Welcome to the messy metaverse world

Welcome to the messy metaverse

Mark Zuckerberg, the CEO of Meta, has promised a united metaverse, a seamless expanse of 3D online environments that work together regardless of who constructed them. But, if current tech sector trends are any indicator, the metaverse of the future will be a jumble of fragmented digital worlds.

Different businesses have their own visions of what the metaverse should be. They’re also well aware of the importance of platforms. Controlling the platform implies you can charge rent, as demonstrated by Apple’s iPhone, Tencent’s WeChat, and Meta’s own Facebook. Do you want to market your iPhone app? You’ll have to give Apple a tithe.

According to Singulos Research CEO Brad Quinton, whose Perceptus AI technology is meant to identify real-world items in augmented reality, one of the metaverse’s 3D interfaces, it will be no different in the metaverse.

“WhatsApp and iMessage,” Quinton remarked, referring to Meta’s and Apple’s respective communication programmes. “That doesn’t appear to be going away anytime soon.”

The metaverse has captured public attention since Zuckerberg, the concept’s most vocal backer, staked his giant social network’s future on it last year. He’s pitched it as a realm built by multiple companies using open standards. In it, you’re promised an experience like Neal Stephenson described in Snow Crash, the 1992 novel that introduced the term to the public.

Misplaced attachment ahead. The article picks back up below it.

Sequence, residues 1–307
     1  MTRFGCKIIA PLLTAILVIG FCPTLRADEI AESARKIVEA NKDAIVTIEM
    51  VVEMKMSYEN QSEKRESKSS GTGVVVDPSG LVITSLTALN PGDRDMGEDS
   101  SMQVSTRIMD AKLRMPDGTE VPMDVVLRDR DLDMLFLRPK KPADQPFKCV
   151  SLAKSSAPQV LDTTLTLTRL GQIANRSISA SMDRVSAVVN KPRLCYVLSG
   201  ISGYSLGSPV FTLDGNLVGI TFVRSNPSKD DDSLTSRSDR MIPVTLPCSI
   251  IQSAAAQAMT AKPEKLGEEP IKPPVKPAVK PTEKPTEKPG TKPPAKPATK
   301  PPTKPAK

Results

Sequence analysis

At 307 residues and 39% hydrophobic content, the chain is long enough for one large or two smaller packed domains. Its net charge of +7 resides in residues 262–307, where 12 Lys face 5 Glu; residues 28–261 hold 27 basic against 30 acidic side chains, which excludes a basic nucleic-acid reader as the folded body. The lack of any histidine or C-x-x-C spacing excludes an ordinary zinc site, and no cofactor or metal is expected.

In reality, the metaverse is a hype bubble that could quickly descend into a mess. If you find it painful to navigate the current internet, with its collection of different services with separate logins, currencies, contact lists, avatars and item inventories, wait until you have to login while wearing a bulky uncomfortable helmet.

Here Comes the Multi-Metaverse Mess

According to Forrester analyst Martha Bennett, the metaverse refers to the 3D worlds we’ll inhabit in the future. This will include wholly digital zones that we’ll visit via virtual reality, or VR, as well as augmented reality, or AR, which combines digital and real-world elements. With the appropriate headgear, you may play immersive video games, dress up as an extravagant avatar at a virtual party, go clothes shopping, add fresh metrics and scenery to your workout, or see commercials and map directions superimposed on your perspective of the actual world.